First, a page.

But how does Romeo knows “a2ff356” is in fact Juliet? That was the offline comment to my post about XMPP transports addresses. Oviously the built in “name” attribute that is part of the roster management syntax can be used to initialize this information. It could hold Juliet’s address handle in the external network, or a nickname if the networks supports both address and nicknames. But none of the current transport implementation will allow to always force these parameters to their proper values, or allow them to be reset on demand.
Nonetheless, I am toying on this blog with practical ideas and suggestions that can be picked up and build into solutions to enhance the XMPP protocol functionalities. From the discussion thread that followed this question emerged a simple concept: why not let the transport manage its own part of an user’s roster?
Current XMPP servers’ implementations have a very centralized way of managing a user’s roster. This architecture design has led to many protocol extensions to accommodate a transport’s role as an external user proxy. In effect, a transport “impersonates” an XMPP user into a different communication network. It provides the appropriate communication and presence translations, as well as an address handle mapping between the two communication spaces. The main requirement for using a transport is possessing an address handle in the target communication space. An XMPP transport to Gadu-Gadu would require the XMPP user to use a Gadu-Gadu ID in order to be recognised as a proper Gadu-Gadu user. If the XMPP user has used the other communication network before moving to XMPP, it will almost certainly want to carry over its previous contact list. If the XMPP user just wan to use the transport to communicate with a different network, it will certainly want to add new external contacts to its roster.
Every transport to date has been designed around the centralized roster concept. Earlier on, a transport was silently updating the XMPP user’s roster at registration time. More recently, the XMPP protocol has been augmented to cater for the kind of bulk roster addition a transport was likely to produce. Now, imagine for a moment that the transport itself becomes responsible to manage its part of the user’s roster. In effect, the management of MSN users would be done by the MSN transport, the Yahoo! Users roster would be handled by the Yahoo! Transport, etc… In this architecture, the transport is responsible to provide the answer to the initial question. The answer would be easily carried in the name attribute of the roster result. The transport could offer administrative options to allow/prevent users to change the external network nickname and maintain a tight coherence between the XMPP and the external contact list.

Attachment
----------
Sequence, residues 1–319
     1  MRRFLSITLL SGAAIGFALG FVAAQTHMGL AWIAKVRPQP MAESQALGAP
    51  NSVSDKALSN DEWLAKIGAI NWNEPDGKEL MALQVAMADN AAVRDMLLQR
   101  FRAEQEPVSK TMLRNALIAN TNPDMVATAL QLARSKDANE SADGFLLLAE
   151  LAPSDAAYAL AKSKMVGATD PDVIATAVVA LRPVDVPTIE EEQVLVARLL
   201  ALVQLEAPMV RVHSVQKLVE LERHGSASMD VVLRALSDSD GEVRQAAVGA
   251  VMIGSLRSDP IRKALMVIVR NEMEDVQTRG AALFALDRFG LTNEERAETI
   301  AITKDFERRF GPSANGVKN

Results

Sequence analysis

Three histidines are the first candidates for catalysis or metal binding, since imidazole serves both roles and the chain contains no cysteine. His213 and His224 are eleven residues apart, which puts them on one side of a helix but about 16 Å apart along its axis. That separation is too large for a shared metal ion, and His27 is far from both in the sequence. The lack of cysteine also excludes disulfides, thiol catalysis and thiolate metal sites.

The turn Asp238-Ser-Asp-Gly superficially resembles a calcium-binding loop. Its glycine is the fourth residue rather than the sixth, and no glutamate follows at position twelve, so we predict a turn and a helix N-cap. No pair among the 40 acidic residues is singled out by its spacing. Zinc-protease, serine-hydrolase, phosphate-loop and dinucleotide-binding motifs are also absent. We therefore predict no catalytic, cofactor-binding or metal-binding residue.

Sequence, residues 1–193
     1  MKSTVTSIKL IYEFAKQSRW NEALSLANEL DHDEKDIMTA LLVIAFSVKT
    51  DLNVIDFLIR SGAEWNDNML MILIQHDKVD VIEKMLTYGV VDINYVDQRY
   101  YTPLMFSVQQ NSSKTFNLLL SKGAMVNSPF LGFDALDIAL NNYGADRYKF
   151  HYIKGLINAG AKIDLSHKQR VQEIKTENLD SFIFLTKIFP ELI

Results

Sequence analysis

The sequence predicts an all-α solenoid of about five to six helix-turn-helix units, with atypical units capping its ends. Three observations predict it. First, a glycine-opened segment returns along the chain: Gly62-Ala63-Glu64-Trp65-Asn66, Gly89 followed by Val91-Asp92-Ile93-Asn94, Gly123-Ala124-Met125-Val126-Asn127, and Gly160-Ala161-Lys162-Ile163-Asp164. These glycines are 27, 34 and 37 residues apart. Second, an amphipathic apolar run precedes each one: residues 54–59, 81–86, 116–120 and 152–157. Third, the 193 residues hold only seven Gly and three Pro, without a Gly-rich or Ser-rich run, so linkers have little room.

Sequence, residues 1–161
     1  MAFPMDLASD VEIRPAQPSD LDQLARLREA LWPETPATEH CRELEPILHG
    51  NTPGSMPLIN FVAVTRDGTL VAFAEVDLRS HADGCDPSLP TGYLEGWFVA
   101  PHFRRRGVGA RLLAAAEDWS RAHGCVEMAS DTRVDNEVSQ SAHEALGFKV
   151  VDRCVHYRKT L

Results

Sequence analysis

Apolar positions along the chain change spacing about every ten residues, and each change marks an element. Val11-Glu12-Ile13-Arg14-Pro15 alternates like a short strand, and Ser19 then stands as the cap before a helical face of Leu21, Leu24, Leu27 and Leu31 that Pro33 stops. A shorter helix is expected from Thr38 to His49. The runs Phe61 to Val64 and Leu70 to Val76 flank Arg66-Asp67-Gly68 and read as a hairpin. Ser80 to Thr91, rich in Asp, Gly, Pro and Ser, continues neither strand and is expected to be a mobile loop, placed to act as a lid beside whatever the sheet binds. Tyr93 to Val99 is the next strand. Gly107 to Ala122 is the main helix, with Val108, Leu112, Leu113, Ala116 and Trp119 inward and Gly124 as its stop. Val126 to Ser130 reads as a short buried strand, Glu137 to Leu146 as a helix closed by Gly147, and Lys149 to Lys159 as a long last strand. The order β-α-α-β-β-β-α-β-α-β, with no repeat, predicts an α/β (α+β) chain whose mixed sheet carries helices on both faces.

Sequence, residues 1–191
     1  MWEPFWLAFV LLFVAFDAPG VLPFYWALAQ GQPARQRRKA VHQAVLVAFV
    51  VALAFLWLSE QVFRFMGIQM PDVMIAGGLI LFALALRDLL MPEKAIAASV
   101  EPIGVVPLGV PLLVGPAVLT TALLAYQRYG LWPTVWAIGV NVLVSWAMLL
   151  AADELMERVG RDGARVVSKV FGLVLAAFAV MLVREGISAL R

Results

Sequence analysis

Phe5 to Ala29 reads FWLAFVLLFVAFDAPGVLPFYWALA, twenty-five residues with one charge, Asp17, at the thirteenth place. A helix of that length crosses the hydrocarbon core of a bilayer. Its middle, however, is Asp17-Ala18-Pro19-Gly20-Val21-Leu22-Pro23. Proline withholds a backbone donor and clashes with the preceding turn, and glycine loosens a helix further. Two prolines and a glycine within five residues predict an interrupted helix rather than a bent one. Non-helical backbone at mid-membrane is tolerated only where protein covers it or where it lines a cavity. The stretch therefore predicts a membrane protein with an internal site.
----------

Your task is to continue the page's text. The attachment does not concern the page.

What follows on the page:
In addition, delegating the roster management to the transport would also decrease the overall traffic between the home XMPP server and the transport, providing a specialized XMPP compliant distribution list for presence. An implementation allowing “roster delegation” would have to enforce an adequate level of trust between the transport and the user home server. This trust could result from two different contexts:
- If the transport is a component of an XMPP server, then the trust would result from the configuration of the server and the component.
- If the transport is a remote service provided by a different server, then the trust would be established through Mutual TLS authentication between the transport and the home server.
In the created trust domain, the home server would be able to decide to delegate the roster management to the transport. More generally, it is possible to extend this concept to any service providing a contact list management of some sort. This would extend XMPP using the traditional “simple client, complex server” approach. From a client perspective, nothing has changed. The client issues a roster request to its home server and receives a result. The way the roster is managed is entirely dependant of the server implementation. It is the server’s responsibility to discover “roster delegation” support and to aggregate the various roster parts into a complete roster result. The decision to use delegated roster management can also be coupled with the level of trust provided by the remote service. This would allow a server to opt out using “roster delegation” if the target system does not comply with a defined trust level, or reputation, although it provides the delegation feature.Technorati Tags: XMPP, Jabber, Interoperability, Addressing, Conversation space, Trust, Antecipate